Displacement disproportionally affects women, given that they often are forced to move their entire families, which means a greater cost. Female migrants also face specific risks on their journey, as sexual violence and human trafficking is rife, at the hands of criminal gangs who have identified a highly profitable business in the control of illegal migration networks and the economic and sexual exploitation of migrants. Furthermore, there is an ever-greater presence of unaccompanied minors, especially since 2014.
In El Salvador, according to local organisation Cristosal, women comprise 54 per cent of the displaced population in 2018, and typically have to take on additional responsibilities, having under their charge children and elderly relatives. Men, in contrast, tend to move on their own, and before the rest of the family is forced to leave.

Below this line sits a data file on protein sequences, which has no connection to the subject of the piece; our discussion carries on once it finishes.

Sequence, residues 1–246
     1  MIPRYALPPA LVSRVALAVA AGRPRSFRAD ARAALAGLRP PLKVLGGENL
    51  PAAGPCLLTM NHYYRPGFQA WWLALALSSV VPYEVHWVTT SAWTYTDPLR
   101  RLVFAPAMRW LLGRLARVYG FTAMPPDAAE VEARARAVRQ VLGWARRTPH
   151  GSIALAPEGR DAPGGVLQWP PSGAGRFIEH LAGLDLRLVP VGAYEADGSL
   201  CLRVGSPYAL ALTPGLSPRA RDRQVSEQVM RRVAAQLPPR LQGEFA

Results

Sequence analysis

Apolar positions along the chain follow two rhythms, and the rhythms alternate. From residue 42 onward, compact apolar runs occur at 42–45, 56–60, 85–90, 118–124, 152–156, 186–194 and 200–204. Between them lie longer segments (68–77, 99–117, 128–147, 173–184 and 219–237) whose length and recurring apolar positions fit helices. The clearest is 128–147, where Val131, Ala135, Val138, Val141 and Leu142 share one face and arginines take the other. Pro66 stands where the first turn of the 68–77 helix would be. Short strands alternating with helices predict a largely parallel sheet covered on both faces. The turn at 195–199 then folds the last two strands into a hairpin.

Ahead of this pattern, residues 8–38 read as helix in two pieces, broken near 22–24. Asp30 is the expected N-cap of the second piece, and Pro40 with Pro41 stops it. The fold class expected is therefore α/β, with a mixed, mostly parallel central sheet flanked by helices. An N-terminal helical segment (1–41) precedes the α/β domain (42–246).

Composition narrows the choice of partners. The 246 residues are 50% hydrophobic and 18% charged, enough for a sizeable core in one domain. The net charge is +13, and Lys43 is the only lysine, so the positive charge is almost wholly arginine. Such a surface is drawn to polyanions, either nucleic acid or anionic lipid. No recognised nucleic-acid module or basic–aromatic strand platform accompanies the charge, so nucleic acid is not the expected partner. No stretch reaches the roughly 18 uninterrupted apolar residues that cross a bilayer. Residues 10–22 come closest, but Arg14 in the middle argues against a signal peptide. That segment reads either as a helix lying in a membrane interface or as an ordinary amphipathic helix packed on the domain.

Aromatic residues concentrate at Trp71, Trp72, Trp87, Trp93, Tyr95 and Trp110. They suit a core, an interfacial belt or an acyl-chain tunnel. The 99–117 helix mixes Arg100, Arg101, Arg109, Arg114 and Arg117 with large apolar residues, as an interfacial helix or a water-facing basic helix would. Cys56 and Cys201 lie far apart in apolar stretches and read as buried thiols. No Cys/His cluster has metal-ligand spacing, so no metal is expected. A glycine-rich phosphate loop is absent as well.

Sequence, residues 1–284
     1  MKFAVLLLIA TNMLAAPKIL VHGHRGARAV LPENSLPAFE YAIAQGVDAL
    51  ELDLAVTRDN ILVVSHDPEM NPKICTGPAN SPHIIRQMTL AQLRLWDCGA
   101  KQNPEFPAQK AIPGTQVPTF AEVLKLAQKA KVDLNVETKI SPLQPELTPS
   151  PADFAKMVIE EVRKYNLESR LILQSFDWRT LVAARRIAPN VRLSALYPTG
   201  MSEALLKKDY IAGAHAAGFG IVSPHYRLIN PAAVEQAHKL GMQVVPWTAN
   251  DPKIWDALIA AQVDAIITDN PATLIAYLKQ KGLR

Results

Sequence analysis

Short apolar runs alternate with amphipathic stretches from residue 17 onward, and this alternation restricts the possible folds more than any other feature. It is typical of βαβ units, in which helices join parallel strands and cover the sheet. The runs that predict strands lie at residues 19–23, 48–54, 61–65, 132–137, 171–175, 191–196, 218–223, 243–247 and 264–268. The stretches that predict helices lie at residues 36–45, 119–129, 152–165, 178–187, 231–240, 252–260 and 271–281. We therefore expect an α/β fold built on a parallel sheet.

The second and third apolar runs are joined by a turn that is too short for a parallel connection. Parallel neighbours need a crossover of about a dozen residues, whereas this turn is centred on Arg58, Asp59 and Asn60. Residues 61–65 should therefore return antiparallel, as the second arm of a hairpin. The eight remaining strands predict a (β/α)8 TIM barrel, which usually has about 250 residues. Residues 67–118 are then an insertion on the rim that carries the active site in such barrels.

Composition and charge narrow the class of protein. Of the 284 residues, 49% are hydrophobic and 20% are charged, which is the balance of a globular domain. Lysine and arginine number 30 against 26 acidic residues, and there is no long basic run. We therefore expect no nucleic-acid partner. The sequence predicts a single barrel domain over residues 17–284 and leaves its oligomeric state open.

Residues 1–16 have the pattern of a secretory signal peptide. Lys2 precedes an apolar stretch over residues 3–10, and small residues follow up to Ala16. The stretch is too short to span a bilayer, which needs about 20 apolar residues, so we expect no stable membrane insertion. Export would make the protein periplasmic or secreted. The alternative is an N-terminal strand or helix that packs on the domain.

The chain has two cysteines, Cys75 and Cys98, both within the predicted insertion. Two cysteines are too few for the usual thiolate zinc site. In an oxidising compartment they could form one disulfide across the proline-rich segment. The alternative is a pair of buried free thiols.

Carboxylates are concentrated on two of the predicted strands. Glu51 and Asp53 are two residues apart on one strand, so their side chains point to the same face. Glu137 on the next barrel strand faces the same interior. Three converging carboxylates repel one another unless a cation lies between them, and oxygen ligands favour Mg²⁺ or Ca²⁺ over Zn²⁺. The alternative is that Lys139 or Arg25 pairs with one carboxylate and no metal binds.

In the case of Colombia, the National Centre for Historical Memory’s National Report on Forced Displacement published in 2015 indicates that ‘slightly over 50 per cent of the displaced population are women (3,301,848); 2,279,576 are minors (of whom 1,480,983 are less than 12 years old); according to demographic data from 2005, around 15 per cent of the total of the Afro-Colombian population and 10 per cent of the total indigenous population have been displaced. 87 per cent of the population that has been forced to leave their land lived in rural areas, some of them Afro- and indigenous populations who lived on collectively-owned land that was officially recognised by the State.’[ii] The report also highlights the phenomenon of the descampesinización (de-ruralisation) of the land, which is due ‘not only to the large number of campesinos (rural subsistence farmers) that have been displaced in rural areas, but also to the lack of value that the State places on the campaigns and demands of campesino populations.’